Migrants' Rights Network

Brief update on the Yarl’s Wood protest: Hunger strike met with deportation threats

As reported last week, a number of women held at Yarl’s Wood immigration removal centre are protesting against the conditions of life in indefinite detention. Some women are still refusing food as part of a hunger strike. 

It appears the centre’s managing company (Serco) initially tried to deny there was a hunger strike. 

It has since emerged, thanks to Detained Voices, that the Home Office sent threatening letters to some detainees, mentioning that such protest would not delay their deportation process – and may in fact lead to speedier deportation.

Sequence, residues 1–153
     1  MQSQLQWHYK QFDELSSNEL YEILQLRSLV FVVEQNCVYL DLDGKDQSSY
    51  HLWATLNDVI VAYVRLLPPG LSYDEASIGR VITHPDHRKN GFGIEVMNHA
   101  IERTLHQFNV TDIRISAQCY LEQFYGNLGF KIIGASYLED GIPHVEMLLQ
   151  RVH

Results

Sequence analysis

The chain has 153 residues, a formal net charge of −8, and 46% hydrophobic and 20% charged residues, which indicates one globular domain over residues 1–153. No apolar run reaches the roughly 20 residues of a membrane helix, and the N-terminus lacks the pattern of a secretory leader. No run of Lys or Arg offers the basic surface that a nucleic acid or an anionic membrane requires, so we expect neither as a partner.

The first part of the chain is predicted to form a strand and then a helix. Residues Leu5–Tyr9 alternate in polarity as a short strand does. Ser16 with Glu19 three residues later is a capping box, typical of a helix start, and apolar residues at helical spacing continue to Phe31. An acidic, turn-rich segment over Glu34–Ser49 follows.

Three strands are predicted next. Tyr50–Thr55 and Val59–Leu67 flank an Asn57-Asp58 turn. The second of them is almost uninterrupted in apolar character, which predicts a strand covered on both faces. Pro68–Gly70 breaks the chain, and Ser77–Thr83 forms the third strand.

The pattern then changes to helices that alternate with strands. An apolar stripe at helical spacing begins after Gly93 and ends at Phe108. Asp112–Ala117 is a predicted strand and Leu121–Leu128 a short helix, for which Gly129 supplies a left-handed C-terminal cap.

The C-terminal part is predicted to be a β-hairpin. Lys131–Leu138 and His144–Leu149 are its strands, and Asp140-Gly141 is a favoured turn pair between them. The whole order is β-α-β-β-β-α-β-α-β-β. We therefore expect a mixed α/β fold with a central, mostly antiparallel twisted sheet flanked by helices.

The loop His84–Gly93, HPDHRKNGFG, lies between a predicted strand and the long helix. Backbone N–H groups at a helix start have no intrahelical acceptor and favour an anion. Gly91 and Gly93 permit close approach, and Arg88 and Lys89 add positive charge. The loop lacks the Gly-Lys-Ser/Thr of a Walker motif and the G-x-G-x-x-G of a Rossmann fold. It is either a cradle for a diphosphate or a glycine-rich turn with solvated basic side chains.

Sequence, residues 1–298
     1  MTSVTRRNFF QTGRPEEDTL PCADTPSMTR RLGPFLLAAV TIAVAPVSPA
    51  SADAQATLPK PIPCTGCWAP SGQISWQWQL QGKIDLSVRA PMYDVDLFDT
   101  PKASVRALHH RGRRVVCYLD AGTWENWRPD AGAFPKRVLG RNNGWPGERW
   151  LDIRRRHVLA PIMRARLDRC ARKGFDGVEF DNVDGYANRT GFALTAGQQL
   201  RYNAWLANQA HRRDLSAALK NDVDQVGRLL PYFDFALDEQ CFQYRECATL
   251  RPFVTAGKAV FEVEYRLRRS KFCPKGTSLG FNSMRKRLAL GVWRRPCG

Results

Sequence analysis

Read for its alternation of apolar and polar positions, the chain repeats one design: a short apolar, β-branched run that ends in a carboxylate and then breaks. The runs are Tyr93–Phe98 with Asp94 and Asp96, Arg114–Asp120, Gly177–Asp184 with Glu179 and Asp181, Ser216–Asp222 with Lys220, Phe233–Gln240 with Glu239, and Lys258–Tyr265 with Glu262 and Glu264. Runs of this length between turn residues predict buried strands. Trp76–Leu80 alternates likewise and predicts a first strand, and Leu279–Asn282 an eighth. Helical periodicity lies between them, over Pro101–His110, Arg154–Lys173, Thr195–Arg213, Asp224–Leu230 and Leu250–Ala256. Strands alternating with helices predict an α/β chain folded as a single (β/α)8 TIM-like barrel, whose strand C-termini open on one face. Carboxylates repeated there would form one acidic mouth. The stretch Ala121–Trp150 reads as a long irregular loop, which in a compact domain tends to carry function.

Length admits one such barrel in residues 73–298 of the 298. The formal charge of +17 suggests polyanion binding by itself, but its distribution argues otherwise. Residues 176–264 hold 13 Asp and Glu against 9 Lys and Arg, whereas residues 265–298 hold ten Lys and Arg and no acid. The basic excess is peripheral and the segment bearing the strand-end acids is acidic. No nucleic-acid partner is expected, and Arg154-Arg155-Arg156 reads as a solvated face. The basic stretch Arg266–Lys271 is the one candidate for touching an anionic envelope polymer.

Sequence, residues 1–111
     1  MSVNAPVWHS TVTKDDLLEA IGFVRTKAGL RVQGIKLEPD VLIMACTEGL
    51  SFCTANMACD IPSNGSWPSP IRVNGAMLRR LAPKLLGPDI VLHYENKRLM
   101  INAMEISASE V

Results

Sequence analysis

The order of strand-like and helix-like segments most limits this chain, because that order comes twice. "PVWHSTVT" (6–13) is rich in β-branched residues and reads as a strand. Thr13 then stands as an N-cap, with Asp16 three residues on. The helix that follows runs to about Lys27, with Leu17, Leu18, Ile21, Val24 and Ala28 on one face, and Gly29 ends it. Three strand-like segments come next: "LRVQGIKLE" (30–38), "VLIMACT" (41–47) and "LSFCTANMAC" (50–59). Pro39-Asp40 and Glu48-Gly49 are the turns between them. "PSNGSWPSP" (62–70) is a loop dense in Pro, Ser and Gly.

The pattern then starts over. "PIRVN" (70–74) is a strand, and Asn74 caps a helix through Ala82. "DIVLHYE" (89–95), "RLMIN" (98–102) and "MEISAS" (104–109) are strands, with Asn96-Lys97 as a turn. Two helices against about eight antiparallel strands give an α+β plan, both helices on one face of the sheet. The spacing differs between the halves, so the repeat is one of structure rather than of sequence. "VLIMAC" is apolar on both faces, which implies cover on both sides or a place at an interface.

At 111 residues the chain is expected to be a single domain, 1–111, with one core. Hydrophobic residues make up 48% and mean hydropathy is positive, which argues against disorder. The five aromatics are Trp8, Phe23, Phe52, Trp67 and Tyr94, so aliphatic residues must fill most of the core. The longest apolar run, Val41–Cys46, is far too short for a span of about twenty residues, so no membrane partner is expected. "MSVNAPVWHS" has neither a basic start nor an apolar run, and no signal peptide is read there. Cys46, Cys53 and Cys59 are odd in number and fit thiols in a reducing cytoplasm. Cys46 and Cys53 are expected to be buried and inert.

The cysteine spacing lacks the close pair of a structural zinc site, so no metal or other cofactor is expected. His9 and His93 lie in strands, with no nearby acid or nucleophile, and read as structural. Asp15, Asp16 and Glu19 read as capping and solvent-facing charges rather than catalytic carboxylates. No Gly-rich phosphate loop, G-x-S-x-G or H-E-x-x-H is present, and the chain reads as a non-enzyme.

This situation has led a number of campaign groups and politicians to challenge the Home Office. MP David Lammy and shadow Home Secretary Diane Abbott filed an “urgent question” today in Parliament during which Immigration minister Caroline Nokes apparently confirmed the pressures exerted on protesting detainees.

As AVID confirms, this is indeed part of the Home Office’s standard guidance:

Yet as David Lammy notes, his question about how the Home Office’s practice squares with human rights principles got a response that was less than satisfactory. 

The protest is ongoing. You can take a pledge to fast in support of the hunger strikers. 

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Fabien Cante

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